The services were talking to each other via REST APIs, using regular request-response calls and publishing ATOM-based event logs.
The services were distributes as standalone JAR files (with Unix rc.d scripts), along with their configuration. To prevent developers from seeing the similarities in the code & extracting tons of common code, they were put in different VCS roots (with some library/infrastructure code being shared as separate artifacts, maintained in a open-source-like way).
Later, James explained how such system scales (see the presentation), what tools have they used. He also stressed that the uniform interface of the services is critical and how to deal with eventual consistency in this case. He didn't manage to talk about versioning but he was asked about it after the talk and explained that they were using automated tests as contracts between the systems - as long as the tests were passing the applications could communicate with their collaborators. I find this a wonderfully simple (conceptually) way to ensure that systems can change & still work together.

The presentation was a great example how huge things can built from small parts, using well-known, open technologies, without a need to spend years to develop an internal framework that nobody will be familiar with. Additionally, I found it interesting to see the same concepts Greg Young was talking about during his DDD/CQRS training were coming out in this talk (eventual consistency, bounded contexts, simplicity!). I guess great minds think alike and those techniques are not something new, that people could be afraid to use or have troubles with understanding.

After the talk, I bought the 'REST in Practice' book that James recommended. I'm reading it right now and I see it will make me smarter, even if we're not doing REST in our projects at work.

Concurrency Without Pain in Pure Java

by Venkat Subramaniam

I arrived really late for this talk (stayed a bit longer near the TouK room to listen & talk to James Lewis after his presentation). As for every talk Venkat gave, the room was suffering from a heavy participants overflow so I wasn't really able to see/hear everything. I only saw Venkat showing how to use STM (using Refs) in Java (and Clojure, IIRC). While entertaining (as always!) this talk didn't bring much value to me. Maybe if I had participated from the beginning.

What's new in Groovy 2.0?

by Guillaume Laforge

This was one of those presentation I wasn't paying 100% of my attention to. I don't know Groovy too well so learning what's new wasn't of much use to me but what I've seen looks like a really nice language. I'm a bit surprised that Groovy developers are going in the direction of allowing Groovy code to be statically compiled - I know performance might be an issue (and it certainly is for Groovy 1.x) but that's the tradeoff you make when using a dynamic language - sacrificing performance & compiler checks for reduced development friction & more expressiveness. But anyway, I like the dot- and parentheses-less code you can write with Groovy.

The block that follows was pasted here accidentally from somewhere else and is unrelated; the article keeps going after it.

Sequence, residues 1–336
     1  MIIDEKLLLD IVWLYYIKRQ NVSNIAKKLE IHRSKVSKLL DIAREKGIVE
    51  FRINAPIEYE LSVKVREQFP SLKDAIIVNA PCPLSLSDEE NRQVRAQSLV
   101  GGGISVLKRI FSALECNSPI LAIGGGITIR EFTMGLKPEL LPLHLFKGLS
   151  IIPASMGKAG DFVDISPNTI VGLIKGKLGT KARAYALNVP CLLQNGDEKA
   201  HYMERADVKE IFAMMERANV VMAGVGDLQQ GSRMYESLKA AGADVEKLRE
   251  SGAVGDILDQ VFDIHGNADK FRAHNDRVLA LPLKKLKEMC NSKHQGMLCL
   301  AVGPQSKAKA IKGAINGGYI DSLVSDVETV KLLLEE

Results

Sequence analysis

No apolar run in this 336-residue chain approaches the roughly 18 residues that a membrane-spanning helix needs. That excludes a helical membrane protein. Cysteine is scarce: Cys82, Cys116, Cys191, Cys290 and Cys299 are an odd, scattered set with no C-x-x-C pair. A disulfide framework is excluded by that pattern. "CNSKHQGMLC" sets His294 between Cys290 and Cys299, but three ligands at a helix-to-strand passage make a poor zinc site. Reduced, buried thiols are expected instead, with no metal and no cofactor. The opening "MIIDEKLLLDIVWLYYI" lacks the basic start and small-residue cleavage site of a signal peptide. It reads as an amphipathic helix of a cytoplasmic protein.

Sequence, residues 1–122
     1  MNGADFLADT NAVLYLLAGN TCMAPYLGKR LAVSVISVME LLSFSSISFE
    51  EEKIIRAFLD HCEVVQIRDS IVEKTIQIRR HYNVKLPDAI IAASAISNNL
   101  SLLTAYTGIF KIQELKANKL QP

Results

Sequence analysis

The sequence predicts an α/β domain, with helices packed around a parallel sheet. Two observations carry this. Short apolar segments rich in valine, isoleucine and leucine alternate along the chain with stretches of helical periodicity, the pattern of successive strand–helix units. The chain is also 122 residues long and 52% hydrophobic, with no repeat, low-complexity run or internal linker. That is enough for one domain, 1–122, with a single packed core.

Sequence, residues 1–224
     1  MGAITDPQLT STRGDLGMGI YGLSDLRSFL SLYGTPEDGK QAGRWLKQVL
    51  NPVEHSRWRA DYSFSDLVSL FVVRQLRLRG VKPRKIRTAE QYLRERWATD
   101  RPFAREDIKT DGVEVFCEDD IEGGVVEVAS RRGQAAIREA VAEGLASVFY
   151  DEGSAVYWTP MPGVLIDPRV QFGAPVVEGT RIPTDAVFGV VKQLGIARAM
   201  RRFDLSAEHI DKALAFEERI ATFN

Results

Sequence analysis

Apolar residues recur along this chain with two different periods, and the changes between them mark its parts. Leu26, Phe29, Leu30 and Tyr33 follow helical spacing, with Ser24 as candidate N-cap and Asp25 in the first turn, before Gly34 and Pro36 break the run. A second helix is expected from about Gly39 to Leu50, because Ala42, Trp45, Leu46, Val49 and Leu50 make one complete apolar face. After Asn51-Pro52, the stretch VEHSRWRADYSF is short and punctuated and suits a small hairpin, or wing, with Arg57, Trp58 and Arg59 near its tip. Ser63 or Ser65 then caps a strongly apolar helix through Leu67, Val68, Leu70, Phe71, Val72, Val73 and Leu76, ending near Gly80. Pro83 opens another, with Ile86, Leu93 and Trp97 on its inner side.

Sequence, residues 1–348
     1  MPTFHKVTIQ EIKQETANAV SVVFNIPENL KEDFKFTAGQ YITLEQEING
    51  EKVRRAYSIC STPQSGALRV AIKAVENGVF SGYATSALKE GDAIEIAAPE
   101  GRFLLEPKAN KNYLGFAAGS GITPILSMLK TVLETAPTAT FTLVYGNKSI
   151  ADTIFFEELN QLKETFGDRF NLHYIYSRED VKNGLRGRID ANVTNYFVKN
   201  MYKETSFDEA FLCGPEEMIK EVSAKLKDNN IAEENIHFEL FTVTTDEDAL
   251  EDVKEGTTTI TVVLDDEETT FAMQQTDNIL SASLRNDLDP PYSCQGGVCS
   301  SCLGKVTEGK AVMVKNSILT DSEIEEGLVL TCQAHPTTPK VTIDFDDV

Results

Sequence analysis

And of course - attending this presentation enabled to get me a seat for the next talk:

Scala for the Intrigued

by Venkat Subramaniam

This one I was really looking for. First - you know the show will be great if Venkat is the presenter (no free seats 15 minutes before the presentation start). Second - from what I have seen so far, Scala looked like a nice language. Maybe not entirely familar, but kind of luring me to give it a try. Therefore I wanted to see what cool features of the language Venkat will show us.
First class support for XML, no primitives, implicits are only some of the goodies you get if you run away from Java language to embrace Scala. As Venkat said - Scala is Java with its flaws fixed. An expressive, low-ceremony language that doesn't need an IDE that will produce hundreds of lines of code for getters, setters etc for you:
"Java: I just declare fields and my IDE magically vomit the rest of the getters, setters and constructors"
Additionally, Scala has traits (~ mixins) - something I was often missing when hacking Java code.
Of course, the show was as good as expected and this presentation was a good ending for the second day of the presenatation (at least for me). Scala seems to be really promising and we even get support from our manager to learn Scala and use it (as a proof of concept initially) at work! Good news indeed.